AND FURTHERMORE: Four Types of Contingencies: Tricky Examples
232 (1)
Positive Reinforcement: Further Distinctions
233(9)
Immediate Versus Delayed Reinforcement
233(1)
Primary and Secondary Rein forcers
234(2)
Intrinsic and Extrinsic Reinforcement
236(4)
AND FURTHERMORE: Learned Industriousness
237(2)
AND FURTHERMORE: Positive Reinforcement of Artistic Appreciation
239 (1)
Natural and Artificial Rein forcers
240(2)
Shaping
242(6)
AND FURTHERMORE: Training Ishmael
244(3)
ADVICE FOR THE LOVELORN
247(1)
Summary
248(1)
Suggested Readings
249 (1)
Study Questions
249 (1)
Concept Review
250 (1)
Chapter Test
251(3)
Answers to Chapter Test
254(1)
CHAPTER 7. Operant Conditioning: Schedules and Theories of Reinforcement 255(40)
Schedules of Reinforcement
256(22)
Continuous Versus Intermittent Schedules
256(1)
Four Basic Intermittent Schedules
257(9)
Other Simple Schedules of Reinforcement
266(7)
Complex Schedules of Reinforcement
273(5)
Theories of Reinforcement
278(8)
Drive Reduction Theory
279(1)
The Premack Principle
280(2)
Response Deprivation Hypothesis
282(1)
Behavioral Bliss Point Approach
283(13)
ADVICE FOR THE LOVELORN
285(1)
Summary
286(1)
Suggested Readings
287 (1)
Study Questions
287 (1)
Concept Review
288 (1)
Chapter Test
289(3)
Answers to Chapter Test
292(3)
CHAPTER 8. Extinction and Stimulus Control 295(44)
Extinction
296(12)
Side Effects of Extinction
297(4)
ADVICE FOR THE LOVELORN
301(1)
Resistance to Extinction
301 (4)
Spontaneous Recovery
305(1)
Differential Reinforcement of Other Behavior
306(2)
AND FURTHERMORE: Extinction of Bedtime Tantrums in Young Children
307 (1)
Stimulus Control
308(22)
Stimulus Generalization and Discrimination
308 (3)
The Peak Shift Effect
311(3)
Multiple Schedules and Behavioral Contrast
314(5)
AND FURTHERMORE: St. Neot's Margin
318 (1)
Fading and Errorless Discrimination Learning
319 (2)
Stimulus Control Procedures for the Study of Memory
321(4)
Stimulus Control: Additional Applications
325(15)
AND FURTHERMORE: Edwin Guthrie: Stimulus Control for the Practical Person
328(2)
Summary
330(1)
Suggested Readings
331(1)
Study Questions
331(1)
Concept Review
332(2)
Chapter Test
334(3)
Answers to Chapter Test
337(2)
CHAPTER 9. Escape, Avoidance, and Punishment 339(40)
Escape and Avoidance
340(13)
Two-Process Theory of Avoidance
342(5)
AND FURTHERMORE: Repression: Avoidance of Distressing Thoughts?
344(3)
Avoidance Conditioning and Phobias
347(3)
Avoidance Conditioning and Obsessive-Compulsive Disorder
350 (3)
Punishment
353(11)
Types of Punishment
353(4)
Problems With the Use of Punishment
357(2)
Benefits and the Effective Use of Punishment
359(2)
Theories of Punishment
361(3)
AND FURTHERMORE: Punishment and Procrastination
364(1)
Effects of Noncontingent Punishment
364 (8)
Learned Helplessness
365(3)
ADVICE FOR THE LOVELORN
367(1)
Masserman's Experimental Neurosis
368(12)
AND FURTHERMORE: Dissociative Identity Disorder: A Behavioral Perspective
370(2)
Summary
372(1)
Suggested Readings
373(1)
Study Questions
373(1)
Concept Review
374(1)
Chapter Test
375(3)
Answers to Chapter Test
378(1)
CHAPTER 10. Choice, Matching, and Self-Control 379(41)
Choice and Matching
380 (14)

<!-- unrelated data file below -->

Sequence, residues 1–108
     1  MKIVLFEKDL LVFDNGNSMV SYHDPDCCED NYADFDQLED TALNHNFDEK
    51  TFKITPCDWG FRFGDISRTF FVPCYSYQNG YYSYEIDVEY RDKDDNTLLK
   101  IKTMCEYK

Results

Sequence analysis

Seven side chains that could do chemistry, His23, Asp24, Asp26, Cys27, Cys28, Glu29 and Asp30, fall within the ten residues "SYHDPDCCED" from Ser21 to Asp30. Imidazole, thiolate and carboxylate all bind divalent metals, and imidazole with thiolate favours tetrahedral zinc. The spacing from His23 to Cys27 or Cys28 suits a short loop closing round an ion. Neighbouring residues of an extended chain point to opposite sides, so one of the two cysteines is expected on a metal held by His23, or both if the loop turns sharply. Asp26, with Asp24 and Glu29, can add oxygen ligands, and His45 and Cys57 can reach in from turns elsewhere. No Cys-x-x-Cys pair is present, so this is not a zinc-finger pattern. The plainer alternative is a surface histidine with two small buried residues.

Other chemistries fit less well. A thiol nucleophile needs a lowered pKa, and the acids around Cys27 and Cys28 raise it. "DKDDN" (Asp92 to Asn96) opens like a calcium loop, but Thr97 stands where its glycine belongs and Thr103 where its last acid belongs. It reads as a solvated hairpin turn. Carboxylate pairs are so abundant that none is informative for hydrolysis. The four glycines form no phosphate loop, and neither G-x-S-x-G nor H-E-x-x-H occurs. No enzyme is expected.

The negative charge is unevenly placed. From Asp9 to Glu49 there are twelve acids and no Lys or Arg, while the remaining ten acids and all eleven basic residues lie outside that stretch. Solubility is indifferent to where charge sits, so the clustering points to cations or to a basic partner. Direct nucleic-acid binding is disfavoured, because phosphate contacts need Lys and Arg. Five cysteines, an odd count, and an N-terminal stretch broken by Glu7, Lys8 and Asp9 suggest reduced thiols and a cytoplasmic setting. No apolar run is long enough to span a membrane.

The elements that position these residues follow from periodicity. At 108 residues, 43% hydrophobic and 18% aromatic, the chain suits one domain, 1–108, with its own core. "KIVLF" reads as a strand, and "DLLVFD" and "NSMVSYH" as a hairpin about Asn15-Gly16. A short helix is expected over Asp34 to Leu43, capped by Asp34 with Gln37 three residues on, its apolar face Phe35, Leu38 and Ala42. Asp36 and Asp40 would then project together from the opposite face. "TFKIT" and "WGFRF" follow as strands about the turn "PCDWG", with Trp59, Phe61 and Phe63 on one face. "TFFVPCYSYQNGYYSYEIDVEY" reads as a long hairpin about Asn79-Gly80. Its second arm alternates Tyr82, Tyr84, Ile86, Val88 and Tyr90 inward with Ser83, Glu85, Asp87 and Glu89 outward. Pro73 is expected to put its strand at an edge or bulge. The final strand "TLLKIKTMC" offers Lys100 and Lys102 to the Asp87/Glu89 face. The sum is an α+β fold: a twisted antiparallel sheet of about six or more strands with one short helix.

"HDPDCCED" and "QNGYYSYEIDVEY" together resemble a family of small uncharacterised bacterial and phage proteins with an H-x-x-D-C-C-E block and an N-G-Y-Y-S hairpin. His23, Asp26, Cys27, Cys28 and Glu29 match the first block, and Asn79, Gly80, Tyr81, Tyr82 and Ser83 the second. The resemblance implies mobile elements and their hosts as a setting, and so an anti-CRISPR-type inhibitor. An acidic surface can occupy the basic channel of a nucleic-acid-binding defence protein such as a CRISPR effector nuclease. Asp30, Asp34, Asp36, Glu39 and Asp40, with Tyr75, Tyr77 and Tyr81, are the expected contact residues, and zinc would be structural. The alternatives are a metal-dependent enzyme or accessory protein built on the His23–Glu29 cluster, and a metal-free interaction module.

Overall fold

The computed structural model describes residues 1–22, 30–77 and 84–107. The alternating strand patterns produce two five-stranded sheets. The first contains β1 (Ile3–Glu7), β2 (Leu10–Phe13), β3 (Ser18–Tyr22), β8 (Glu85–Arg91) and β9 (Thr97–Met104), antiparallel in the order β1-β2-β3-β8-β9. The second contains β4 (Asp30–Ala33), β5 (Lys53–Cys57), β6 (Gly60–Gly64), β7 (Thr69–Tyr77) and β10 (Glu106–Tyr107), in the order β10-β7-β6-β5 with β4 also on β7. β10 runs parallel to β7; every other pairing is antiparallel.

Concurrent Schedules
380 (2)
The Matching Law
382(3)
Deviations From Matching
385(5)
AND FURTHERMORE: Basketball and the Matching Law
386(4)
Matching and Melioration
390(4)
ADVICE FOR THE LOVELORN
393(1)
Self-Control
394(18)
Skinner on Self-Control
395(3)
AND FURTHERMORE: B.F. Skinner, the Master of Self-Control
398 (1)
Self-Control as a Temporal Issue
398 (3)
The Ainslie-Rachlin Model of Self-Control
401 (9)
Cognitive Factors in Self-Control
410(2)
Summary
412(2)
Suggested Readings
414(1)
Study Questions
414(1)
Concept Review
415(1)
Chapter Test
415(4)
Answers to Chapter Test
419(1)
CHAPTER 11. Biological Dispositions in Learning 420(36)
Preparedness and Conditioning
421 (7)
Preparedness in Classical Conditioning
421(6)
AND FURTHERMORE: Conditioned Food Preferences
426 (1)
Preparedness in Operant Conditioning
427(1)
Operant-Respondent Interactions
428 (6)
Instinctive Drift
428(1)
Sign Tracking
429(5)
ADVICE FOR THE LOVELORN
432(1)
AND FURTHERMORE: The CAM Model of Drug Addiction
433 (1)
Adjunctive Behavior
434(6)
Basic Procedure and Defining Characteristics
434 (3)
Adjunctive Behavior in Humans
437(1)
AND FURTHERMORE: Extreme Polydipsia: Not Just a "Rat Thing"
438 (1)
Adjunctive Behavior as Displacement Activity
438 (2)
Activity Anorexia
440(6)
Basic Procedure and Defining Characteristics
440 (1)
Comparisons With Anorexia Nervosa
441(2)
Underlying Mechanisms
443 (1)
Clinical Implications
444(13)
AND FURTHERMORE: The Healthy Side of the Diet-Activity Connection
445(1)
Behavior Systems Theory
446 (3)
Summary
449(1)
Suggested Readings
450(1)
Study Questions
450(1)
Concept Review
451(1)
Chapter Test
452(3)
Answers to Chapter Test
455(1)
CHAPTER 12. Observational Learning, Language, and Rule-Governed Behavior 456(39)
Observational Learning
457(9)
Observational Learning in Classical Conditioning
458 (2)
Observational Learning in Operant Conditioning
460(3)
Observational Learning in Animals
463(3)
Language
466(8)
Can Animals "Talk"?
467(1)
Sign Language Experiments
468(2)
Artificial Language Experiments
470(4)
AND FURTHERMORE: Talking to the Animals
472(2)
Rule-Governed Behavior
474(14)
Definitions and Characteristics
474(2)
Some Disadvantages of Rule-Governed Behavior
476(2)
Psychopathology, Psychotherapy, and Rule-Governed Behavior
478(6)
ADVICE FOR THE LOVELORN
479(3)
AND FURTHERMORE: Morita Therapy: Acceptance and Commitment the Japanese Way
482(2)
Personal Rules in Self-Regulation
484(4)
AND FURTHERMORE: Say-Do Correspondence and Willpower
486(2)
Summary
488(1)
Suggested Readings
489 (1)
Study Questions
490(1)
Concept Review
491(1)
Chapter Test
491(3)
Answers to Chapter Test
494(1)
Glossary 495(10)
References 505 (22)
Index 527